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May 23, 2019

Hundreds of unvaccinated Italian kids not allowed to enter schools

March 14, 2019
Hundreds of young students in Bologna, Italy, were denied school access for not being vaccinated. (ayo888 / Getty Images/iStockphoto)

No school immunizations, no entry!

That was the message from educational officials in Bologna, Italy, where nearly 300 young students were turned away for not being vaccinated.


After a temporary measure allowed children to stay in school as long as parents asserted their kids had received the necessary shots, a 2017 law went back into effect that required 10 mandatory vaccines, including measles, rubella, chickenpox, polio and mumps, reported the BBC.

In Bologna, located in the country’s central-northern area, about 300 nursery students unable to offer vaccination documents, were turned away on Monday.

The new law came amid a surge in measles cases, but Italian officials say vaccination rates have improved since it was introduced.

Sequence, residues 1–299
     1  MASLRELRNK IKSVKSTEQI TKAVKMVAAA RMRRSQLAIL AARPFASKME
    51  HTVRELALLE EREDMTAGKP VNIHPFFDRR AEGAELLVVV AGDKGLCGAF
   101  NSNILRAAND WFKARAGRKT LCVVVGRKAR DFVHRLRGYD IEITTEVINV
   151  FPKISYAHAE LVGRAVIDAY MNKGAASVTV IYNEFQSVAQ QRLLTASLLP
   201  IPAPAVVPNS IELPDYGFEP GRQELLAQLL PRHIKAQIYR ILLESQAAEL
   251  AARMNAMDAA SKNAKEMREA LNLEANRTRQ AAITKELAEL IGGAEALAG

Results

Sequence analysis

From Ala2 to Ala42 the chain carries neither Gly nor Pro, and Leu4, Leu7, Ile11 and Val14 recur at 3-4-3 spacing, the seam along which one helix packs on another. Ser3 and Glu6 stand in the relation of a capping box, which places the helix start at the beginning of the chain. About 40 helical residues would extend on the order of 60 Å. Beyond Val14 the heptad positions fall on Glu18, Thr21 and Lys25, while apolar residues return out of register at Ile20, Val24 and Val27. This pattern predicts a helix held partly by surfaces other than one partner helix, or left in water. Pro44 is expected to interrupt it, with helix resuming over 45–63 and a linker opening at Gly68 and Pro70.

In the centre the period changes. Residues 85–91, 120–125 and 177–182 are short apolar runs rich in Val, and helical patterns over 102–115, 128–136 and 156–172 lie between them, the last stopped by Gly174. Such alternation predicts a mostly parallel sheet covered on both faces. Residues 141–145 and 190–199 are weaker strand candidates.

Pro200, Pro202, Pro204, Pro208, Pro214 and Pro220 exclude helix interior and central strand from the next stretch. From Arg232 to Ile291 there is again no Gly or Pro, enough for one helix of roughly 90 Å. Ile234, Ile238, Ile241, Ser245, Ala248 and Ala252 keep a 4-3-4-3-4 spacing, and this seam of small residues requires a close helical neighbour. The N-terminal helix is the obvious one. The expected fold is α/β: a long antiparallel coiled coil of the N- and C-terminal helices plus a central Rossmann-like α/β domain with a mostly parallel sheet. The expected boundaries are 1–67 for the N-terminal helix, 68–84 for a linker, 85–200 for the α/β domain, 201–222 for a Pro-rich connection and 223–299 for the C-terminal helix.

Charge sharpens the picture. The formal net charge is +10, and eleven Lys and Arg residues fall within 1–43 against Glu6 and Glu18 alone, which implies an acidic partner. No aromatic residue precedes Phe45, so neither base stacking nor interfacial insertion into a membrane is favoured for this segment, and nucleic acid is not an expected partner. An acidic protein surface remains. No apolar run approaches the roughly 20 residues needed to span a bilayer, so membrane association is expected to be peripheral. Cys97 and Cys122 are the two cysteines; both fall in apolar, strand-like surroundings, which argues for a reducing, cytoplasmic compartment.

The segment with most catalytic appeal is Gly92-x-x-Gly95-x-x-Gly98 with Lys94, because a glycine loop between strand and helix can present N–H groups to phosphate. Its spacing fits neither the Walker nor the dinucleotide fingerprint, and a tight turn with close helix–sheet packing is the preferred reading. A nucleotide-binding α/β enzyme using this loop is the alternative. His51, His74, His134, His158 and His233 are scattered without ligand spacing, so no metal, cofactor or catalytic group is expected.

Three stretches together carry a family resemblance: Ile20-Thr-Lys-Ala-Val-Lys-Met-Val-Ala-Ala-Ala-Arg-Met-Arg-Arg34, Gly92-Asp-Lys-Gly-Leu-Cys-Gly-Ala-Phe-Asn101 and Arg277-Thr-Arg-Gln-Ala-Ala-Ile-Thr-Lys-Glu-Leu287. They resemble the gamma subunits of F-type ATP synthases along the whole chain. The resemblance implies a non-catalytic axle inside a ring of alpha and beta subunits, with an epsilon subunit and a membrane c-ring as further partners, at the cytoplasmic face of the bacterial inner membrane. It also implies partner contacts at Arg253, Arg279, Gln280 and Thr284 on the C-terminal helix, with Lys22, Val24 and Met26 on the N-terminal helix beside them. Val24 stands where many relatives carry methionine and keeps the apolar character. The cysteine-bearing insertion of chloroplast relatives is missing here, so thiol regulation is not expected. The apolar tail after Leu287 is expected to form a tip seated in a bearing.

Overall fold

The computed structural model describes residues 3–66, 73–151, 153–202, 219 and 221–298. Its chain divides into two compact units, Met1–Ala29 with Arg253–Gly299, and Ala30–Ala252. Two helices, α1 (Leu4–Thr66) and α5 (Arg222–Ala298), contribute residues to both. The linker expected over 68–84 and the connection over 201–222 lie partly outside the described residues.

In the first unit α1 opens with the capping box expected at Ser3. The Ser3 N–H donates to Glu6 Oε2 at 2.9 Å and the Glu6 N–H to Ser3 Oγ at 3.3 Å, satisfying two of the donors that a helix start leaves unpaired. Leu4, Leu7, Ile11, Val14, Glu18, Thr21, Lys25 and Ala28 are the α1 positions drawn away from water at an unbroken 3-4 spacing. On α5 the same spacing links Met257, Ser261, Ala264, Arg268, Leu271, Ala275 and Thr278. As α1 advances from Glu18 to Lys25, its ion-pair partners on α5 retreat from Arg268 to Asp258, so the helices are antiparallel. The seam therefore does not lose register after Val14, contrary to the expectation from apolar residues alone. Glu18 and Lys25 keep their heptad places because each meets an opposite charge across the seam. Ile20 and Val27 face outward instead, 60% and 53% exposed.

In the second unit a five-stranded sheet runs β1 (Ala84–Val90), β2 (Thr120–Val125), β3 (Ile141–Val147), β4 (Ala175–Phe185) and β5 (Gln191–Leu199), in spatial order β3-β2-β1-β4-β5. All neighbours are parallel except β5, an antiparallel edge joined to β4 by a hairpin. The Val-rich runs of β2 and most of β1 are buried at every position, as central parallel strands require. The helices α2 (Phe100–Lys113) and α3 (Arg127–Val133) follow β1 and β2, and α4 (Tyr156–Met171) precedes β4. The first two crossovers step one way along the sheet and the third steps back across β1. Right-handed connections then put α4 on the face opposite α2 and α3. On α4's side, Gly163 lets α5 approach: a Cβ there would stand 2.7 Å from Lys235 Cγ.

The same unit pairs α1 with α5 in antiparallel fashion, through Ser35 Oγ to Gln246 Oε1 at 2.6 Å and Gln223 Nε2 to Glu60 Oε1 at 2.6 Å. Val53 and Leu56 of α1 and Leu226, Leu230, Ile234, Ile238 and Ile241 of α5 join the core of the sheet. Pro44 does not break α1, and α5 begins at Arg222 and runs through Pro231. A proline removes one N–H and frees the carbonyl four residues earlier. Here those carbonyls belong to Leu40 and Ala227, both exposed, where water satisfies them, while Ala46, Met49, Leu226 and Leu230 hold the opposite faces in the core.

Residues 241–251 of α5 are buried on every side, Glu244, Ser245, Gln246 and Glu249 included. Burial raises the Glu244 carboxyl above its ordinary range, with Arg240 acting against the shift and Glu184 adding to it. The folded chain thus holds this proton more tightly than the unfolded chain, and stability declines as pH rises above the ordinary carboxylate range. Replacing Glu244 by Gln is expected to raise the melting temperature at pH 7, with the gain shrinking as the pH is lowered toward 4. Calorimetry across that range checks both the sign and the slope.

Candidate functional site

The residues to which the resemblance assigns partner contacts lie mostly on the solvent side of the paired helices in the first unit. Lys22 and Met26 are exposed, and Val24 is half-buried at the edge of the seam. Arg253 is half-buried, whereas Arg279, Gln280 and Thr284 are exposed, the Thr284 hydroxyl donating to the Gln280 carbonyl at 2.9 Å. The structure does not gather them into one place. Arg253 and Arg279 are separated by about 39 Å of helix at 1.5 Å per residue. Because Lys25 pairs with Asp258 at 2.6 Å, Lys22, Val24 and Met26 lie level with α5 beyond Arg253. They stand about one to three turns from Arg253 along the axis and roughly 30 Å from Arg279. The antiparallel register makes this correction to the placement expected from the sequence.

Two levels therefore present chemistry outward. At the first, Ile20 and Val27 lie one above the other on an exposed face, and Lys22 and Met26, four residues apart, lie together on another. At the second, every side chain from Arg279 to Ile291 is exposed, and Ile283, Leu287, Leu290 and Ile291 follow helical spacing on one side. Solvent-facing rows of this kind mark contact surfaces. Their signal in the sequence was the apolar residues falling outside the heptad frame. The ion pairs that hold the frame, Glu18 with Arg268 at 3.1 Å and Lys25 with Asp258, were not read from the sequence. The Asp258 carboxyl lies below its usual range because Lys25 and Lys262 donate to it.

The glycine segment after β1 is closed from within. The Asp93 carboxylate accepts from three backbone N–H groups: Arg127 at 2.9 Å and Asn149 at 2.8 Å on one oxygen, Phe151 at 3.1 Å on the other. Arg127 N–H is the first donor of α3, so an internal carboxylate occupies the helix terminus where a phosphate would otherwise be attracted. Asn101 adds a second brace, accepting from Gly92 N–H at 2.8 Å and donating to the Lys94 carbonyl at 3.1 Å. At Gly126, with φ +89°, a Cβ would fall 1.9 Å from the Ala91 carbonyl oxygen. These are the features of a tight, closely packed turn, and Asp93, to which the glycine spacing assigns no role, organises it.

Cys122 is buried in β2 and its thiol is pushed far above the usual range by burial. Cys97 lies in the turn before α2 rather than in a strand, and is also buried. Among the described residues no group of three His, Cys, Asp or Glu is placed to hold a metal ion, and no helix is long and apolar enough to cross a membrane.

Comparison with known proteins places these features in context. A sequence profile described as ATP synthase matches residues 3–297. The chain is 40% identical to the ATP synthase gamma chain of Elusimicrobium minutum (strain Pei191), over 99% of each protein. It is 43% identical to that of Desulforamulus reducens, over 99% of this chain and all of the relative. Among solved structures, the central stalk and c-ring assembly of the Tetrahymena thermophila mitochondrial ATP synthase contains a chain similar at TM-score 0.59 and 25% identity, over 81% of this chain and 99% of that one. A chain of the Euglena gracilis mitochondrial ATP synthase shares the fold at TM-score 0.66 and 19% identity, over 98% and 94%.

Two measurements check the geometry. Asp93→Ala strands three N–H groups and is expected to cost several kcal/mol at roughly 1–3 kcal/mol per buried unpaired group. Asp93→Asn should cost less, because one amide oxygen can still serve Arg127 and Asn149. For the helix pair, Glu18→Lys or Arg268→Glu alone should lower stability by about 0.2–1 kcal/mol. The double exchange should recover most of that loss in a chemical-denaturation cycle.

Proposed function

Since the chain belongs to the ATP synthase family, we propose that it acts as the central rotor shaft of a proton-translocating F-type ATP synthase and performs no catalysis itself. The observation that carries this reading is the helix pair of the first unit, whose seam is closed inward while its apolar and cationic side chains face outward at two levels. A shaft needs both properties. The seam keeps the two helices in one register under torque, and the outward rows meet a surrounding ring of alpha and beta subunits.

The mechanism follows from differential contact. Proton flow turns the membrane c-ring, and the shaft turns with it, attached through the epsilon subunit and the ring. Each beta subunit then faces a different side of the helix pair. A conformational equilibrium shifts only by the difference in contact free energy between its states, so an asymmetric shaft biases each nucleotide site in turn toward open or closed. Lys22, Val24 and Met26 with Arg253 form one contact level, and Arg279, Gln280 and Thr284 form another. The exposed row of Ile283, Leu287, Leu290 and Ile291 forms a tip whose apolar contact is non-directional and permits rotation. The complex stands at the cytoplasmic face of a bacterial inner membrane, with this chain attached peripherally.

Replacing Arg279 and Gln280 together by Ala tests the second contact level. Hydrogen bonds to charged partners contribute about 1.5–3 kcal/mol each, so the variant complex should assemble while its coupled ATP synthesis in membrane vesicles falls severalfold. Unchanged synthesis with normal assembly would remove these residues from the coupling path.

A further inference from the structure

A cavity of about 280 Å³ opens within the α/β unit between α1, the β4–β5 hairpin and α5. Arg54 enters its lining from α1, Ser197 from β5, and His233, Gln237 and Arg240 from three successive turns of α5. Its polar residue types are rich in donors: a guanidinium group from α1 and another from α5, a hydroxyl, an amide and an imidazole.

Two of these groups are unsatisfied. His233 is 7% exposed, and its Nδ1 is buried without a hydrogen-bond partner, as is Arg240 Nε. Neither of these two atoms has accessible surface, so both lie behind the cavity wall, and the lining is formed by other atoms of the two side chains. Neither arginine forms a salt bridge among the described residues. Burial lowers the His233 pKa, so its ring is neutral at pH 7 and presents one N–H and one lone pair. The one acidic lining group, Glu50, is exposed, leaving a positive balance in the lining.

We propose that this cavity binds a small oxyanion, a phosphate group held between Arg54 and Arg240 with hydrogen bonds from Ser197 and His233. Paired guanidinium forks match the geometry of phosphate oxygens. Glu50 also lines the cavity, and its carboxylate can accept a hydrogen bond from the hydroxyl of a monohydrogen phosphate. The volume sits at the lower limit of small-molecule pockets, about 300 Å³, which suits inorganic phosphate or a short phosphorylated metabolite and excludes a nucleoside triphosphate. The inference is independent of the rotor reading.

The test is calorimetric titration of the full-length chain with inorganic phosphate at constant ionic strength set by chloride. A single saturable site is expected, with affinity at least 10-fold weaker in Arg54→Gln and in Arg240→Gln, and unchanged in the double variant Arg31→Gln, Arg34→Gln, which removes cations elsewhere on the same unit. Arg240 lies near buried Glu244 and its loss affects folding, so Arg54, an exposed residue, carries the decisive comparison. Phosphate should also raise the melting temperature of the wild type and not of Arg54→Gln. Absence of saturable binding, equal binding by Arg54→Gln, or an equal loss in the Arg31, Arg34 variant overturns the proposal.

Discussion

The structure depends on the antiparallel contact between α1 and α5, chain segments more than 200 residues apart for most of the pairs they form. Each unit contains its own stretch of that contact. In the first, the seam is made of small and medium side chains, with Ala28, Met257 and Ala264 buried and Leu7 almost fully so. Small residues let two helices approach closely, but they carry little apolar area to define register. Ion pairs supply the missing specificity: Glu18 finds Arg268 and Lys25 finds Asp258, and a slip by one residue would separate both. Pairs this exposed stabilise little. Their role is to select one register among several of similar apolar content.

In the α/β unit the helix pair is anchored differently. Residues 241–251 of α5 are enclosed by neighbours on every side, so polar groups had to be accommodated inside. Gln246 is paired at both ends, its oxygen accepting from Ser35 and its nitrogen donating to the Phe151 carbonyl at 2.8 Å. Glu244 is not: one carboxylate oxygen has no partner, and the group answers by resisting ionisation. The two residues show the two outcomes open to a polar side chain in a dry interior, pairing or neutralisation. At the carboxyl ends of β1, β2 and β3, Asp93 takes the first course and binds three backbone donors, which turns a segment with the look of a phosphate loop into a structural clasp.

A March 10 deadline for certification was put into effect, and those who couldn’t honor it were denied access.

“Now, everyone has had time to catch up,” said Health Minister Giulia Grillo. “No vaccine, no school.”

Parents risk being fined up to $600 if they send their unvaccinated children to school. Kids under the age of 6 can be turned away.

Children between 6 and 16 can’t be banned from attending schools, although their parents can face fines for not completing mandatory immunizations.

Under Italy’s Lorenzin law, which was named after the former health minister who introduced it, schoolkids must receive mandatory immunizations before being admitted to school.

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